In a victory for health-minded customers, a water board votes to eliminate fluoride from its treatment process.
The Northwest Utility District, which covers Soddy Daisy, Sale Creek and little towns nearby on Tuesday voted 6 to 1 to halt immediately injection of the phosphate industry waste product into the water supply of 7,500 customers.
By David Tulis / AM 1240 Hot News Talk Radio
The vote favors caution over public health concerns and follows a proposal to end fluoridation made by David Collett, general manager, who plied authorities with studies such as that in the Lancet in 2014 that says fluoride is part of a “pandemic of developmental neurotoxicity.”
The vote also suggests a rising disregard for official explanations from federal agencies such as the Centers for Disease Control that give fluoride blanket approval (agencies cited at length in a Times Free Press story about the Soddy-Daisy vote).
In ‘change of heart,’ fluoride abolished
Board member Bill McGriff indicates that the arguments raised against mass compulsory fluoridation starting in 1945 haven’t lost their power, and cites damage fluoride causes to valves and water plant equipment.
“I have read the reports’ pros and cons,” Mr. McGriff says. “I have seen firsthand what the fluoric acid *** does to pipes, the concrete. It was a hard decision, but I thought, weighing both sides, that it’s better not to add something that could be destructive — we’re told in small amounts it’s not destructive — but I just thought it’s better to err on the side of safety.”
The board member who made the motion to abolish fluoride, Jim Farmer, says initially he had stood in favor of the $20,000 annual program in which 80 gallons of fluoride a day are dripped into about 3 million gallons of water. “After our last meeting and after our last discussion,” he tells AM 1240 Hot News Talk Radio in a live Facebook interview, “I went ahead and visited my dentist and two other dentists right here. I was really of the opinion that we should continue adding it. But after I researched all the material that’s been given to us, I had a change of heart and changed my opinion.”
The proposal to end fluoride is from Mr. Collett, a soft-spoken man who gives a five-minute review of the investigative process. He gently repeats his arguments for an end of fluoridation, focusing largely on equipment damage that accounts for most of the fluoride budget.
Mr. Collett points out that fluoride has few defenders. “We have a customer base that really hasn’t expressed a view on the issue,” Mr. Collett says.
The recommendation gets personal. Mr. Collett has small children at home and does not want them to ingest the chemical. He says fluoridation is a voluntary act fully within the discretion of the board.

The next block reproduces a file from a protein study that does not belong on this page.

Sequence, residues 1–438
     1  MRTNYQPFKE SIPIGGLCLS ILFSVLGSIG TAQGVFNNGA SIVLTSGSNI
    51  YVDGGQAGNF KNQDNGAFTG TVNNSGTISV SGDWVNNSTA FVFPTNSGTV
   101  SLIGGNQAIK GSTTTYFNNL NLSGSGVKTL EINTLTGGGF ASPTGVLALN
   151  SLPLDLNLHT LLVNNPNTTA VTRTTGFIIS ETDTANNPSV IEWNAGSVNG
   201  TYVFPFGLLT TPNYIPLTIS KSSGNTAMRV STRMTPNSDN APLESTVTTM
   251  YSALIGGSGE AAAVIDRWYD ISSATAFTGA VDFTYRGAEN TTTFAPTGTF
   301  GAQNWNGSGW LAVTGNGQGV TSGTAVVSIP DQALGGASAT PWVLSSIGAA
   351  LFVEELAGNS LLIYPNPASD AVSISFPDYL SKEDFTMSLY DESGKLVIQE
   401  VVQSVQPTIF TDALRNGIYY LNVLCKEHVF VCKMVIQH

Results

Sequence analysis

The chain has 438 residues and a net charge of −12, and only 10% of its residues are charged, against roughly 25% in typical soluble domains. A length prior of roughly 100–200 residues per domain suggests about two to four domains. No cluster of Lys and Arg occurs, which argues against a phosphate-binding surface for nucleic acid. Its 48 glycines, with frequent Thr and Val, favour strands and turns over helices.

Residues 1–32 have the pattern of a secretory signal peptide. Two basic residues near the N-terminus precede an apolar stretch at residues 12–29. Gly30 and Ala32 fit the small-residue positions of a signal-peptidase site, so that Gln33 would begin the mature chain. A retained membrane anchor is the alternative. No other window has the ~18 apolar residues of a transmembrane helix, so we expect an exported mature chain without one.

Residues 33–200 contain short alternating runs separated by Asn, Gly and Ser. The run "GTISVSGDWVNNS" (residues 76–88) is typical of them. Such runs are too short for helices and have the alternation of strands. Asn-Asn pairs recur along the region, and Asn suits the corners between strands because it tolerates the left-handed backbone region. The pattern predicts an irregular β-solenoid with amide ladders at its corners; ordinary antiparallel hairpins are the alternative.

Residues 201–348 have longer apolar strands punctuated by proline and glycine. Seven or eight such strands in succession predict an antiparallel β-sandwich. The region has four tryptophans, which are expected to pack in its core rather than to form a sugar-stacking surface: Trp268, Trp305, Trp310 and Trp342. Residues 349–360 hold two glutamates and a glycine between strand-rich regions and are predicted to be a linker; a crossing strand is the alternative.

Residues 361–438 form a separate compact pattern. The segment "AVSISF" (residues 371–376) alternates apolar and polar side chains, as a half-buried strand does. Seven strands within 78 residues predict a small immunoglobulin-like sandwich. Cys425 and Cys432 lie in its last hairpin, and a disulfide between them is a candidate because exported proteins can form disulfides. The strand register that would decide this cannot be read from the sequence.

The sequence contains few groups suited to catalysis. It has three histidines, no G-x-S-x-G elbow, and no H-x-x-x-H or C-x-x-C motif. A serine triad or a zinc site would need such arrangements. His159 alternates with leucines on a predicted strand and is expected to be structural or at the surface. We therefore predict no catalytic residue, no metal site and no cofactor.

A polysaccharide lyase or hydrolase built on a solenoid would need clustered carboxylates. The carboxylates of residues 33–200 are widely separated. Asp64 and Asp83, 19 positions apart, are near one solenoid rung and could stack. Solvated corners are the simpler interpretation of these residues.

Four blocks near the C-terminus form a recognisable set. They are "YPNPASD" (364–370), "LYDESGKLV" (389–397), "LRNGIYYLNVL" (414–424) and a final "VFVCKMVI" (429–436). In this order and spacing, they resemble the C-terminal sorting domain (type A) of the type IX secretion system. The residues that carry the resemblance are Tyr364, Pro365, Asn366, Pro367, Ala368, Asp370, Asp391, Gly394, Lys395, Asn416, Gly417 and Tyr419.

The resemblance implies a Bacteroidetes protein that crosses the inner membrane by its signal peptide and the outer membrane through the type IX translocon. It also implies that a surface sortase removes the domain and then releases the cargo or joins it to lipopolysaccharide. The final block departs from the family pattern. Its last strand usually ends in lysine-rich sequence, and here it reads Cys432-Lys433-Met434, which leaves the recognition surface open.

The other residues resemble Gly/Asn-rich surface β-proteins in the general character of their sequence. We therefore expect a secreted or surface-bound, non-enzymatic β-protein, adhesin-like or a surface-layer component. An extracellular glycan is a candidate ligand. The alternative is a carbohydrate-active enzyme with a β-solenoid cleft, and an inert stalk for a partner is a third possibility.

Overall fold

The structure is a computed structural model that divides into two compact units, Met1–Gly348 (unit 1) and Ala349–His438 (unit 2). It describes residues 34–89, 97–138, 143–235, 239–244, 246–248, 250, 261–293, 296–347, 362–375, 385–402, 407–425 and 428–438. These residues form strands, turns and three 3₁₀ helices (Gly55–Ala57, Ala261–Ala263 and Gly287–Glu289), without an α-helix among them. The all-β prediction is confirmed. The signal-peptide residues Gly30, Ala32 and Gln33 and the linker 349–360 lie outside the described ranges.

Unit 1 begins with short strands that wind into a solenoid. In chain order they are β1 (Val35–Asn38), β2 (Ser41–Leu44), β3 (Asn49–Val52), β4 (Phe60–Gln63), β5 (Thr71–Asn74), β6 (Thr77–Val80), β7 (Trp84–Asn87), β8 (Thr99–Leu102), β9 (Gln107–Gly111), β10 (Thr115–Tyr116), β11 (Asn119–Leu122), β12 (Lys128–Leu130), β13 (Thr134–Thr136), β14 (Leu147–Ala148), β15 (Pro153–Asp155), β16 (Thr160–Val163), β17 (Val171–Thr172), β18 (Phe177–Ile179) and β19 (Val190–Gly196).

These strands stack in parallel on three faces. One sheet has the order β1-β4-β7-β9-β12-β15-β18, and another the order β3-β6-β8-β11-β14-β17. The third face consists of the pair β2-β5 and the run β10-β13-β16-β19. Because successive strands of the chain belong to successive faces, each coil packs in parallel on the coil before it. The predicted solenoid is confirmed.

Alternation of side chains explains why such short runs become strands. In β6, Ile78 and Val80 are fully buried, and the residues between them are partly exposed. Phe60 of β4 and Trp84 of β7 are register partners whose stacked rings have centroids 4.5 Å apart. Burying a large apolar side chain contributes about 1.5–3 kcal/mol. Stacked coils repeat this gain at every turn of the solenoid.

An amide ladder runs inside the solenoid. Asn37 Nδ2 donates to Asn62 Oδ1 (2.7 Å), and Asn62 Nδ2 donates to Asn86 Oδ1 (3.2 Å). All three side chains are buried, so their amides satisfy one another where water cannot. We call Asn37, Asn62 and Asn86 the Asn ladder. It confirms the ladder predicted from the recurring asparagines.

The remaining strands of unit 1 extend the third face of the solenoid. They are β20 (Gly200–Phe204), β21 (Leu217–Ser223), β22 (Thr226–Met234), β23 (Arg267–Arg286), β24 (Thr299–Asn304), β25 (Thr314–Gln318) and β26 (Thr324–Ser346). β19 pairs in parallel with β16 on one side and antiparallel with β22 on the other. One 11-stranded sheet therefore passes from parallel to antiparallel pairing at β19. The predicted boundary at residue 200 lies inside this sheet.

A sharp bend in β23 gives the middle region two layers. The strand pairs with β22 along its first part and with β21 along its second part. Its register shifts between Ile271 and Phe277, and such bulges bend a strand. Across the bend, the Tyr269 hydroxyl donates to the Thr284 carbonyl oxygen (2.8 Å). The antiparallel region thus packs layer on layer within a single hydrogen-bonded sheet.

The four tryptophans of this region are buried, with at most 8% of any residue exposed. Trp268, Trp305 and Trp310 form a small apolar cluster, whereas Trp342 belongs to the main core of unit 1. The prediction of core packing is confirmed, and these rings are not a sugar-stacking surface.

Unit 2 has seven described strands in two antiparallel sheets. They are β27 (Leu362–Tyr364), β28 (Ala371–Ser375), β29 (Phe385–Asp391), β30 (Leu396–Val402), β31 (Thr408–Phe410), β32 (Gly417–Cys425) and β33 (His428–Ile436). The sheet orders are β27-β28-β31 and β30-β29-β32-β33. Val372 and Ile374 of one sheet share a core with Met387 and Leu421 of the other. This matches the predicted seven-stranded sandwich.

That argument resonates with member Jack Cain. “There’s no mandate to put the fluoride in,” he says afterwards. “And there are concerns about putting it in from the health standpoint. Therefore I don’t think we should add something to water that isn’t necessary, that isn’t *** essentially mandated by an agency authorized to do that.”
No employee of the district I interviewed supports fluoridation, starting with two plant managers, Steve Roark and Darrell Burchard, who were on hand Tuesday.
2 months of study
The board took two months to study the controversy and solicit comments from customers. “No matter what we do, there are going to be some people upset,” said Phyllis Marr, president, in May. “We’ve just got to have as much information as we can to make an educated decision.”
The lone dissenter Tuesday is Carlos Wilson. “I voted to keep the fluoride in because I think it’s a good thing and not a bad thing. That’s basically it.”
Most of the people in the audience are activists who favor the end of mass compulsory fluoridation. Among them is Karyn French from Brentwood, Tenn., of the TN Safe Drinking Water Coalition. Joining her in a cry of ecstasy after the vote are Erik and Chiesa Smith, Soddy-Daisy residents who helped circulate a petition. Mrs. Smith, mother of two, calls hydrofluorosilicic acid “a hazardous waste” and says mass fluoridation is unnecessary “as we get plenty of fluoride through toothpaste and dental treatments. Lead was once thought to be good, but it was found out that it’s not.”
At least three people in the audience favor keeping fluoride. One is a TVA employee who says the science has consistently declared fluoride innocent of any harm and a health benefit. Another is Nancy Jo Ogozalek, a chemist who spoke in favor of fluoride at the board’s May meeting.
Also watching is Dr. Brian Schenck, head of the Chattanooga Area Dental Society. But no others from the tooth health profession join him tonight in vigil for fluoride’s death knell in north Hamilton County. Scientific support for fluoride even as an aid to teeth is in marked decline, Newsweek reported in 2015.
Also present is Clark Culver of Savannah, Tenn., a certified water plant operator who has fought fluoridation at much personal and professional cost and who talked about fluoride dangers in a radio interview.
“People are becoming more and more aware of the dangers concerning water fluoridation,” Mrs. French says. It is “quite refreshing” to see people become more aware and active.
Health boost: Soddy-Daisy board boots fluoride
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